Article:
Ubu Progect is a theatrical performance combining the use of
web3D and streaming technology to create a networking event that took
place simultaneously at multiple locations.
This project was inspired by some pioneering projects by
Kit Galloway and Sherrie Rabinowitz like the “Satellite Art
Project” (1975-77), as well as my lifelong enthusiasm for the proto-dadaist
The performance occurred in the context of “Fusion ‘O1
: Time Travel” a collaborative event that took
place between UCLA Design | Media Arts in Los Angeles (USA), the Bauhaus-Universität
in Weimar (Germany) and the University of New South Wales in Sydney (Australia).
“Fusion ’01” actively explored the
possibility offered by networking technologies applied to the web in creating
emerging artistic spaces.
“Time Travel” was the common theme for the
participating artists and it was meant to provoke considerations
upon the changing
perception of the concepts of time and space in the era of the Internet
and computer-mediated human communication.
The concept for the piece came to me as I was reading “How to
create a time machine” by Alfred Jarry and started thinking
about his concept of “Pataphysic" "the science
of imaginary solutions". I was inspired to try a playful but serious
experiment about theatrical time.
Key concepts of time in theater are usually those of sequentiallity and
synchronism. Following these premises, “The Ubu Project” is
an imaginative attempt to provide some answers to the following questions:
What happens when we substitute the
linear sequence of
the wording into a spatial representation that simultaneously
presents the reader with all the lines of the book?
then, what happens when we break
the synchronism of the play and we
perform on an asynchronous and
looping time because of the technical delay of streaming information
through the net?
How this resulting
clock affects the sense of storytelling
and the meaning of the repertoire of coordinated actions that constitute
our body language?
REX (UBU ROY)
The Ubu Projcet is based on the play Ubu Rex,
a bizarre parody of Shakespeare's Macbeth that became a cornerstone of
the Theatre of the Absurd movement. Written by Alfred Jarry, Ubu Rex
was originally intended as a puppetry show and it narrates the story of
Pa Ubu, an old man set on to conquer Poland by any means necessary, and
the personification of the hideous side of humankind. When the play premiered
at the Theatre de L'Oeuvre in 1896, it was met with both outrage and intrigue.
The Ubu Project focuses only on the first scene of the
first act of this theatrical piece.
first part of the project consists of a web3D
virtual reality set design programmed in VRML.
The first scene is the
house of Pa Ubu and Ma Ubu where two virtual puppets welcome the viewer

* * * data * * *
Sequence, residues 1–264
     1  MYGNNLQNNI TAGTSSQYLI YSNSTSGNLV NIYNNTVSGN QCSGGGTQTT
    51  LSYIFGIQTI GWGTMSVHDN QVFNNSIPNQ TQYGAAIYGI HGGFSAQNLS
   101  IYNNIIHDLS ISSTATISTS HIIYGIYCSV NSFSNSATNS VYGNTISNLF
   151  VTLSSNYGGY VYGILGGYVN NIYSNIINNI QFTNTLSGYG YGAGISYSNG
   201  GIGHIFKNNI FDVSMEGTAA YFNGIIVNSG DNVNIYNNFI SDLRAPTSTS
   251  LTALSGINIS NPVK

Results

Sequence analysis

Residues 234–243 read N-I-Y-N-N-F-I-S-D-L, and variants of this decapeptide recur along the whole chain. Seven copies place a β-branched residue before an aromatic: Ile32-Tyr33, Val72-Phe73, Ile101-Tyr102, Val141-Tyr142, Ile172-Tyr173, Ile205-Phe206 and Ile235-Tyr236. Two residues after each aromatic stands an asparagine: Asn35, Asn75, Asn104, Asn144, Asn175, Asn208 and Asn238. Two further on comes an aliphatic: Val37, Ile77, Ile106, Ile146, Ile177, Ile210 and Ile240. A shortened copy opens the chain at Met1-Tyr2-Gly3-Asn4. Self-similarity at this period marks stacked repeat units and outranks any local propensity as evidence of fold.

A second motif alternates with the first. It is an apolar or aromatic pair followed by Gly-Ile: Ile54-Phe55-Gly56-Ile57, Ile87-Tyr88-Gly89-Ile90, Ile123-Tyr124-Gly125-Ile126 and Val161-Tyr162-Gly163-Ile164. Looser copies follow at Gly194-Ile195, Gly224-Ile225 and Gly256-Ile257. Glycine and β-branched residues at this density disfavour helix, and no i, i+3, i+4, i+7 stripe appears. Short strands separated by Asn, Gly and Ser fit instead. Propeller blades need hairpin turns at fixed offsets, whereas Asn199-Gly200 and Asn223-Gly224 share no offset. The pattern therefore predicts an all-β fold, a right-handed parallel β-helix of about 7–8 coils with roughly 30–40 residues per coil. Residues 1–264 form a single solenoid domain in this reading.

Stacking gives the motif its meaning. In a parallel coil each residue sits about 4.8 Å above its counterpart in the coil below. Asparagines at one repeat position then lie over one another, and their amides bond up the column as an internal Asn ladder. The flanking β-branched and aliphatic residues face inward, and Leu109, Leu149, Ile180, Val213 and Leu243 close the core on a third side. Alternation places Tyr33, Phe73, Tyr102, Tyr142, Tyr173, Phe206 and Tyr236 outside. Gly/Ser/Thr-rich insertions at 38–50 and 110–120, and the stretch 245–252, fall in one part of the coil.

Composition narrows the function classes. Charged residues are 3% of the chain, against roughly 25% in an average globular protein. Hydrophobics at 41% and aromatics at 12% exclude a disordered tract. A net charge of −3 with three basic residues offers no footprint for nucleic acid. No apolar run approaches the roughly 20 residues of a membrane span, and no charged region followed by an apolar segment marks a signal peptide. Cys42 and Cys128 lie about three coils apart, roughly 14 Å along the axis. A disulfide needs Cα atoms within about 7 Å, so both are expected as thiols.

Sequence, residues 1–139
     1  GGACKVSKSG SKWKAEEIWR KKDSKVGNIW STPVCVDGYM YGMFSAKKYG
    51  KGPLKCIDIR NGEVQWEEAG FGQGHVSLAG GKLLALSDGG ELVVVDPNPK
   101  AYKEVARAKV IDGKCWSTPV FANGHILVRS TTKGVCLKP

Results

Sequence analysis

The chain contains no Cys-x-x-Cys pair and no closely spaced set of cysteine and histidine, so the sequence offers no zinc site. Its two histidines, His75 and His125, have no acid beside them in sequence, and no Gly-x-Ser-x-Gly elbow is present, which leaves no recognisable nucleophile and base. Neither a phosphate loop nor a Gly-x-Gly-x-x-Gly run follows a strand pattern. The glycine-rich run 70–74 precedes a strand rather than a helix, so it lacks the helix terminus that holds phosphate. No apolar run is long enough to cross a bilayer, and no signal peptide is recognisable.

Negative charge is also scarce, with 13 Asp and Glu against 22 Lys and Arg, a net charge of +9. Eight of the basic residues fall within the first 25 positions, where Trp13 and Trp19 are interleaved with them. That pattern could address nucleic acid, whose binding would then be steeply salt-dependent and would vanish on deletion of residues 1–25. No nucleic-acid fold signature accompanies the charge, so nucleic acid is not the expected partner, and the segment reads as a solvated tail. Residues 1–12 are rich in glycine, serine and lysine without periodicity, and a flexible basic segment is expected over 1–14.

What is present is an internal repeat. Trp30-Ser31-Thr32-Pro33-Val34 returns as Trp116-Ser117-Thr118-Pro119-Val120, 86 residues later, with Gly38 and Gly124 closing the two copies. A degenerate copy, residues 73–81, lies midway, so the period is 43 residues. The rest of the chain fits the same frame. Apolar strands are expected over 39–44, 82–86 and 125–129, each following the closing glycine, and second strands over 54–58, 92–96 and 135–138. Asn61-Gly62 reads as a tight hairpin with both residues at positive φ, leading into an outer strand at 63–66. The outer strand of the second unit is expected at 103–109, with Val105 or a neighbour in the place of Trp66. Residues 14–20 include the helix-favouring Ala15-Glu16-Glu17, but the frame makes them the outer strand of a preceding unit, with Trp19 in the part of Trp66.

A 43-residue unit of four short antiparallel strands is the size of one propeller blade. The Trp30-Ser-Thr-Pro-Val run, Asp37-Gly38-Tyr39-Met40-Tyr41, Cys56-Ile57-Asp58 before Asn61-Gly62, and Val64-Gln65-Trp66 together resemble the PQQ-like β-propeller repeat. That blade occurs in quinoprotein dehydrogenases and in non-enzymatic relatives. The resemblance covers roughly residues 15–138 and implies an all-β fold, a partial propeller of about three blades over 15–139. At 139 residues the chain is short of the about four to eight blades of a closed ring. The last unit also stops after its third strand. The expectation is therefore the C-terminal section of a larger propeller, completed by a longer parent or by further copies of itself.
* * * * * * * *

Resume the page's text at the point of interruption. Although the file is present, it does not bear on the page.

into their space.
A little red door
is the way to the second site in which the written text of the play is
converted into space and is presented to the view all at once. At this
point, each sentence of the dialog between Ma Ubu and Pa Ubu is aligned
horizontally in front of the viewer.
The viewer can virtually travel through the scene and experience
the entire talking of the first scene simultaneously. Each written
line of text has a sound of the correspondent spoken sentence, which is
activated by a proximity sensor. He/she can also take a different path,
a subjective way to unfold the text, altering
its original sequence. This exploration is enhanced (and at the same time
complicated) by the possibility of moving
the text around. Every time a sentence is relocated is also multiplied
In addition, the behavior of the movement in the space does not always
correspond to the trigger of the mouse, introducing a certain indetermination
in the creation of the composition.
The idea behind this is to increase the complexity of the space, in order
to weaken the user’s ability to keep the navigation path along the
second part of the project was performed in remote locations using video
and audio streaming over the internet.
Jim Merson, the actor playing Pa Ubu was in Los Angeles, while Franziska
Heine who was play Ma Ubu was in Weimar, Germany.
A series of big projections constituted the sets in both locations. In
LA the actor was standing in front
of a big projection of the 3D VR design explained above. A camera
captured and streamed this image with sound to Germany, where it was projected
again on a big screen to aloud the actress to stand side
by side with the image of the actor with whom she was interacting.
Simultaneously, a camera in Germany streamed this scene
back to LA where it was projected right next to the first screen.
The time clock of this experiment is asynchronous
because of the delay of streaming media over the Internet.
The deferral for video and sound traveling across half the globe, is over
45 seconds, that means 1 minute and 30 seconds to go and come back. In
addiction, cameras and microphones worked
as mirroring devices, looping, bouncing, and echoing endlessly
the information that they captured.
Jim (Pa Ubu) started his acting and kept going without waiting for the
Franzisca’s answer (Ma Ubu) to arrive.
In the beginning, the timing was almost synchronized, and become increasingly
chaotic with the progression of the performance as the looping effect
added complexity to the scene.
Towards the end, the event assumed an oddly but vital schizophrenic mood,
with an increasing confusion casting
out the performers in their isolated
and relentless self-talking to the ever